Vaccine hesitancy and low COVID-19 vaccine coverage among pregnant women is a global phenomenon. Cross sectional studies on pregnant women’s opinions of vaccination against COVID-19 support this notion. A systematic review exploring nine studies with cumulative data from more than 15 countries indicated that the percentage of pregnant women who accept the vaccine vary, and ranged between 30% and 77% among studies (Januszek et al., 2021). In a German study, 57% of 1,053 pregnant women were not in favour of receiving the vaccine; however, 47% would be in favour of receiving the vaccine if more scientific evidence on its impact, side effects, risks and benefits during pregnancy were available (Schaal et al., 2021). In a study exploring the intention of receiving the COVID-19 vaccine among pregnant and lactating women in the Czech Republic, only 3.6% of 362 participants indicated that they would immediately accept the COVID-19 vaccine and 30% would refuse it (Riad et al., 2021). Interestingly, approximately two-thirds of participants (67%) indicated they would have the COVID-19 vaccine but only after giving birth (Riad et al., 2021). Researchers in Turkey found that most pregnant women (63%, n=189/300) rejected a healthcare professional’s recommendation of vaccination (Goncu Ayhan et al., 2021).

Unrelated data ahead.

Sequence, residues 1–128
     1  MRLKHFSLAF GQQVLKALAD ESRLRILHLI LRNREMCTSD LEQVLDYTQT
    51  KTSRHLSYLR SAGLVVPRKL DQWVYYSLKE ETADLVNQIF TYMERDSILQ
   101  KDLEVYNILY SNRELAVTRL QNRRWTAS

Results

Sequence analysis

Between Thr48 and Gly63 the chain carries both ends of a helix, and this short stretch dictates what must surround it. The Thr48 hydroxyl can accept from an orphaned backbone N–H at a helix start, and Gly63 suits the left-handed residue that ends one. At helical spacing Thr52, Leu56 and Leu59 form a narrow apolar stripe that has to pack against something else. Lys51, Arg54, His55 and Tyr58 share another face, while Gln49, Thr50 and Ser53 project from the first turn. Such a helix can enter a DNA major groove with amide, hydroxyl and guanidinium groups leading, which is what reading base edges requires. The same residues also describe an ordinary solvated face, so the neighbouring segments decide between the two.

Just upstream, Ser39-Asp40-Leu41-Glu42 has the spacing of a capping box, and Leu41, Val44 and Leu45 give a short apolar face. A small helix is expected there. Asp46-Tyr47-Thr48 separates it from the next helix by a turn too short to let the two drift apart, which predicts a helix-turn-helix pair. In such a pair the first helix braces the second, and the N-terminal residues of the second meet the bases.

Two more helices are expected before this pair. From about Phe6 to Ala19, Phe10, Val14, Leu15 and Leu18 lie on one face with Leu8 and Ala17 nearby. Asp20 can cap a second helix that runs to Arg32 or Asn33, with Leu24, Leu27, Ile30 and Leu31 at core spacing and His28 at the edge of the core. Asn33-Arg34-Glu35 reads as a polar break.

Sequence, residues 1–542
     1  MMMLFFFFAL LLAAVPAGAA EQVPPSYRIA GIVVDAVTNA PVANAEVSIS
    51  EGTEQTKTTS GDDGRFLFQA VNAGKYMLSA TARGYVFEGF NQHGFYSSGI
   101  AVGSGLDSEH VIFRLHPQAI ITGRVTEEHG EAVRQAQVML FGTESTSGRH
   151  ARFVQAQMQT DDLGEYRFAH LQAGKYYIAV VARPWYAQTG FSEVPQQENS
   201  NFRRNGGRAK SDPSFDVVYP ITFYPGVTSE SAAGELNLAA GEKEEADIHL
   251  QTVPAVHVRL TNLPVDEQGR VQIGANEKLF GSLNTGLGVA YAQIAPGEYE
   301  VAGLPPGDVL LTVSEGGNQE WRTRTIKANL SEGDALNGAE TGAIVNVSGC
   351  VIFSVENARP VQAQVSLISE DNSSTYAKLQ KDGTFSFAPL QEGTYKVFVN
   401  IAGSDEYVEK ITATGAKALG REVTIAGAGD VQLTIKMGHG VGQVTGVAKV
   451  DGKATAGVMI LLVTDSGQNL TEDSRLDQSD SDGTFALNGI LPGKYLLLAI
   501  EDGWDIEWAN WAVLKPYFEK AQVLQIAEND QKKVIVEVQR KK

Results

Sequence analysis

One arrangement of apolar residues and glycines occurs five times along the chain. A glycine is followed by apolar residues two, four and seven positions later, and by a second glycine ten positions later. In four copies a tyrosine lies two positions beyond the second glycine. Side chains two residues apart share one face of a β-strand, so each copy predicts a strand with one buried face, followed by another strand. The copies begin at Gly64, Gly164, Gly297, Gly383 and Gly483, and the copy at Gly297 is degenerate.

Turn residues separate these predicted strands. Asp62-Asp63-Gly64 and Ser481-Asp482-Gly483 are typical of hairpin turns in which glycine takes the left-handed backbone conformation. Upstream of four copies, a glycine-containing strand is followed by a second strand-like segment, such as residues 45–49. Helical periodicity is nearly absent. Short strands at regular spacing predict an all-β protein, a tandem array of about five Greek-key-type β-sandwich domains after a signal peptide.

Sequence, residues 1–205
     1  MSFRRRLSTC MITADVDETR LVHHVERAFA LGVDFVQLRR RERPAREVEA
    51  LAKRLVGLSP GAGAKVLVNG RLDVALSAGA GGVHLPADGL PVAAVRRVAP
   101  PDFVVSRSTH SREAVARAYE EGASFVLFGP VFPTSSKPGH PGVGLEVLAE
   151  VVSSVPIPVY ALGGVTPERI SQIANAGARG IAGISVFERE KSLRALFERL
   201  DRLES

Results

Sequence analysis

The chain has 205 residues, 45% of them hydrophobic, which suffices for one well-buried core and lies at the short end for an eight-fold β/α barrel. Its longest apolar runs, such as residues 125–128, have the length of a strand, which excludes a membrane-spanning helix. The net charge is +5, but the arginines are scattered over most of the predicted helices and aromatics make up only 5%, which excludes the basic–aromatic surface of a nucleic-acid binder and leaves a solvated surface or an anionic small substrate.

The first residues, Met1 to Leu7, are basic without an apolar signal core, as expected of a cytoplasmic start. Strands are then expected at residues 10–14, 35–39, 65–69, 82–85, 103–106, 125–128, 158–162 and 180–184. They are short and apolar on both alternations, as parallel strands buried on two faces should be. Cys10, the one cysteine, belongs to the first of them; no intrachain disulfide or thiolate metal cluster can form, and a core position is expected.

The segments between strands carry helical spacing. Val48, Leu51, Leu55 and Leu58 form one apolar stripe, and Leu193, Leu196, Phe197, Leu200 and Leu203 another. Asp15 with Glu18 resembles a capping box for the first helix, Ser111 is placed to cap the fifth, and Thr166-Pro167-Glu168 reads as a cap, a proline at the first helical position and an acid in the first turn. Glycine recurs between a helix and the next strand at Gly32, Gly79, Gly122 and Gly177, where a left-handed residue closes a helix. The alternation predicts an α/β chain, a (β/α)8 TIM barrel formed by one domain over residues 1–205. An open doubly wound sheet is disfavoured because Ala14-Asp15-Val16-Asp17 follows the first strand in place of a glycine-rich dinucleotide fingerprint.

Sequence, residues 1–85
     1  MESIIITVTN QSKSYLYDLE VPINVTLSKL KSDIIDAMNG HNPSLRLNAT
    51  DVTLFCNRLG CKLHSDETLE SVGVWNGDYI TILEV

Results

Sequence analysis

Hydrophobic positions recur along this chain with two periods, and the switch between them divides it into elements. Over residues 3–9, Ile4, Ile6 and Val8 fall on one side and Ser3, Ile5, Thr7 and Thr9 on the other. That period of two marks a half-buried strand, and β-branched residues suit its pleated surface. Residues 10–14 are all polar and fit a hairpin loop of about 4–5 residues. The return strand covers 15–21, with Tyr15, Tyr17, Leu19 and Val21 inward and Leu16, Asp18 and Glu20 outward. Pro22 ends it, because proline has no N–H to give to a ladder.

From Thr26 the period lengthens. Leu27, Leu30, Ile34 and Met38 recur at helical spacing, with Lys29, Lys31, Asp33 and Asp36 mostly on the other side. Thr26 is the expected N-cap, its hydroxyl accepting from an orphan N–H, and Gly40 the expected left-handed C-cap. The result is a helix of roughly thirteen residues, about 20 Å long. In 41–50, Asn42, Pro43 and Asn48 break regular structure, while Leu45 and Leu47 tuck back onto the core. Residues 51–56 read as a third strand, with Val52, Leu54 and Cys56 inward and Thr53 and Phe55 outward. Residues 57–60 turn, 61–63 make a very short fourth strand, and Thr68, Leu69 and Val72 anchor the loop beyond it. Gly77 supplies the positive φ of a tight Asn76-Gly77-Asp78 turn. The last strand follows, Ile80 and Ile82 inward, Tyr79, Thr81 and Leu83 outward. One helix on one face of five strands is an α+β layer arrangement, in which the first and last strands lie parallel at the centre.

Findings from studies in the USA also indicate that pregnant women are less likely to accept vaccination compared to non-pregnant women (Turocy et al., 2022; Siegel et al., 2021; Sutton et al., 2021). One study based in Massachusetts revealed that only half of 477 pregnant women surveyed reported receiving at least one dose of the vaccine; this was lower than the local adult vaccination rate of 64% at the time of the study and lower than the participants’ self-reported acceptance of influenza vaccination (75%) (Siegel et al., 2021). Similarly, in a study of more than 17,000 women from 16 countries, only 52% of pregnant women (n=2747/5282) reported that they would take the vaccine compared to 73% of non-pregnant women (n=9214/12562) (Skjefte et al., 2021) Additionally, low vaccine uptake in pregnancy is associated with younger age (Stock et al., 2022; UKHSA, 2022; Blakeway et al., 2021; Januszek et al., 2021; Skirrow et al., 2021; Woolf et al., 2021), higher levels of deprivation, lower socioeconomic status (Stock et al., 2022; UKHSA, 2022; Blakeway et al., 2021; Januszek et al., 2021; Skirrow et al., 2021) and minority ethnicities particularly Black and Latin (UKHSA, 2022; Blakeway et al., 2021; Crawshaw et al., 2021; Siegel et al., 2021; Skjefte et al., 2021; Woolf et al., 2021).
Consequences of vaccine hesitancy during pregnancy